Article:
Choose your country

Or view all businesses for sale


Negotiating a Business in Argentina

The time has come to negotiate your business. It’s a complex process, so where do you start? What documents do you need? What strategies should you implement? This guide will answer any questions you might have, including tips, examples, and other useful information.

Negotiating a Business

Why Is the Negotiation Stage Important?

Why is negotiation important

Negotiating is part of daily life. It happens amongst our families and friends, at local markets or in professional transactions. In the world of business, negotiating is just as common. Due to the complicated nature of business transactions, commercial and corporate negotiations require far more meticulous research, and legal and financial support. It takes years of practice to perfect, as well as a strategic and target-orientated approach.

A seller will always want the highest value for their company, and a buyer will want the lowest price with the least number of risks and liabilities. Although this is a professional transaction, it also requires concessions, flexibility, and integrity.

The bargaining journey requires a give and take approach, and the end goal should benefit both parties. The negotiation stage is your final hurdle. Your preparation, strategies, and understanding of agreements will determine the outcome, and your execution will have an influence on the outcome. Negotiating is truly an art, and there is an abundance of how-to advice out there.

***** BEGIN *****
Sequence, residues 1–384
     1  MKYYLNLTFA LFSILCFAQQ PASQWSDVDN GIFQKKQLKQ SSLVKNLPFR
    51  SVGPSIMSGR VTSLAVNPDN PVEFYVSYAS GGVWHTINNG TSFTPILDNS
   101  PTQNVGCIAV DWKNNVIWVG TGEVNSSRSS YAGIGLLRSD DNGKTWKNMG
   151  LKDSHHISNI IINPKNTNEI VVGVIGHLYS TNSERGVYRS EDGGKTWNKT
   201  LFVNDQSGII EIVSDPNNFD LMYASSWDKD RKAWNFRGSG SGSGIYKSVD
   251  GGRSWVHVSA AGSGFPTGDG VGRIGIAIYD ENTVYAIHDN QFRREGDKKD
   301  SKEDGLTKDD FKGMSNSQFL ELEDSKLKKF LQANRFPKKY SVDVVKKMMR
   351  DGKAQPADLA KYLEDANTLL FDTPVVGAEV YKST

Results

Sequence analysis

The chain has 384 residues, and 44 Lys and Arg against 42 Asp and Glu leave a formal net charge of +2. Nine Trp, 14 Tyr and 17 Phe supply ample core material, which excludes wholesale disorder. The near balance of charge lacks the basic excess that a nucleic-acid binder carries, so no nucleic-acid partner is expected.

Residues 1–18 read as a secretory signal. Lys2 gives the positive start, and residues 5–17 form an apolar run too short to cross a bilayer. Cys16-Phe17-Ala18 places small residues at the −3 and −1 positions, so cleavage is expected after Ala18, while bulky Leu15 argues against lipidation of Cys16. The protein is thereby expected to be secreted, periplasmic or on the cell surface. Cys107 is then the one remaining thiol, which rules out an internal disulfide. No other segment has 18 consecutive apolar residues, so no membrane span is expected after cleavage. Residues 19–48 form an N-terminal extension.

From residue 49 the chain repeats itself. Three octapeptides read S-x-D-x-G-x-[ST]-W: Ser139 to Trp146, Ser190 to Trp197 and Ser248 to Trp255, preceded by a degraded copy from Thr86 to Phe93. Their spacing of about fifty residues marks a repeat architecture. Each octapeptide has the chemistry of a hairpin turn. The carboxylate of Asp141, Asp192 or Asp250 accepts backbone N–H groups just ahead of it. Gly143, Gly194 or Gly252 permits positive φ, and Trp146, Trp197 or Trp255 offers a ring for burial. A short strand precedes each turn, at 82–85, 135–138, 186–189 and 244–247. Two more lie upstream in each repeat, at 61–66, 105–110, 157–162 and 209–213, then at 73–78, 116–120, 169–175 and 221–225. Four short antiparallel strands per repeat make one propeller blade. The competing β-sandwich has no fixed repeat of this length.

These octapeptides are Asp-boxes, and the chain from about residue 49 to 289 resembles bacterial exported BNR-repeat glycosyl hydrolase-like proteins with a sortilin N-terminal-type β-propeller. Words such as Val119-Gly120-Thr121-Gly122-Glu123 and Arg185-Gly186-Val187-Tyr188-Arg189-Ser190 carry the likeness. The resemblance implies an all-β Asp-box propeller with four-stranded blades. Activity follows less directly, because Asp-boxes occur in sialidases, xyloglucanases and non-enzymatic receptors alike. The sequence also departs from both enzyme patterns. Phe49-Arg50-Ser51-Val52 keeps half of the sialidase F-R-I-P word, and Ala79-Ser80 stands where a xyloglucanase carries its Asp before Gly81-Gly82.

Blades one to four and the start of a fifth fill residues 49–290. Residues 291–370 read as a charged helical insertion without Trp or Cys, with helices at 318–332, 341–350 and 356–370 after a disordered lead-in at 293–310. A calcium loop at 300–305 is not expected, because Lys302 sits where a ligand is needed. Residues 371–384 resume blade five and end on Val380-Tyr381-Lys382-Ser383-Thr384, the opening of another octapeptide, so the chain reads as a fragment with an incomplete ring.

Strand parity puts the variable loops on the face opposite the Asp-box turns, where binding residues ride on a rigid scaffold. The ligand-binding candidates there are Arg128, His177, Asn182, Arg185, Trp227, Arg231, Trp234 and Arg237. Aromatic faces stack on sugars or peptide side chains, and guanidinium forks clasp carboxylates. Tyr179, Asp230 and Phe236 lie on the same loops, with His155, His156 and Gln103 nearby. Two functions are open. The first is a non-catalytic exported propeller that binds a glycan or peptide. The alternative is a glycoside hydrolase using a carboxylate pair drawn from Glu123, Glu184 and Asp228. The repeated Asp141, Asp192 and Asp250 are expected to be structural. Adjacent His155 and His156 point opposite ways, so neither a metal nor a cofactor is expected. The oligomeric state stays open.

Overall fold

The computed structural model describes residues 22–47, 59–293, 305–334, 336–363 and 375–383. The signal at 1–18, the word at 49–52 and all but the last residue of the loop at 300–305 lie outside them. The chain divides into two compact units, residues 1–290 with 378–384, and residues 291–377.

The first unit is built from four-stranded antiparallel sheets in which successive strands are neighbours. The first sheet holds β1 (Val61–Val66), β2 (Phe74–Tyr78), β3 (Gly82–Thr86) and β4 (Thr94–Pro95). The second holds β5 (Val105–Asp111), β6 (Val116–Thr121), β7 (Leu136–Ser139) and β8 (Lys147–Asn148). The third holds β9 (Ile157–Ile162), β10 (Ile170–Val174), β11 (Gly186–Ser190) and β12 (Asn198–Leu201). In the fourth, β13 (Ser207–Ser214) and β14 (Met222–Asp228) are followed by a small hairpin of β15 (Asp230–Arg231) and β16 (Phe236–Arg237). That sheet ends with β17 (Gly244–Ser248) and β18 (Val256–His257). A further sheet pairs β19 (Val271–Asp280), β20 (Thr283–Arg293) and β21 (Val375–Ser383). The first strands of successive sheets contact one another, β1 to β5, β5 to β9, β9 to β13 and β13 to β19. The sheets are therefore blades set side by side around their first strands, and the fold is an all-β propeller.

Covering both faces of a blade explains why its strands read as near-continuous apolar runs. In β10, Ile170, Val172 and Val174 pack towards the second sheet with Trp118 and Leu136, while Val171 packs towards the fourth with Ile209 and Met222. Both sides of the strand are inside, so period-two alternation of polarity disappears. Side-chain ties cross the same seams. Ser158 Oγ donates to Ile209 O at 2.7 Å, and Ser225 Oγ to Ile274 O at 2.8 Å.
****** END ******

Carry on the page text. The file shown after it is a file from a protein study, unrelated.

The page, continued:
Every selling or buying experience is different. Each will have its own circumstances, methods, and specificities, so each negotiation process will be unique. If you feel you may need to retrace some steps, look at our guide on selling a business or our guide on valuing a business. To assist you in the negotiating process, this guide will offer helpful advice, strategies, and examples for sellers and buyers.

Negotiating a Business as a Seller

Negotiating as a Seller

At this point, we will assume that you have completed some prerequisite checklists needed for the negotiation stage. This includes reaching a realistic asking price based on the businesses performance, future development, assets, and industry conditions. This asking price will most likely derive from specific sections of your business. Some examples can include: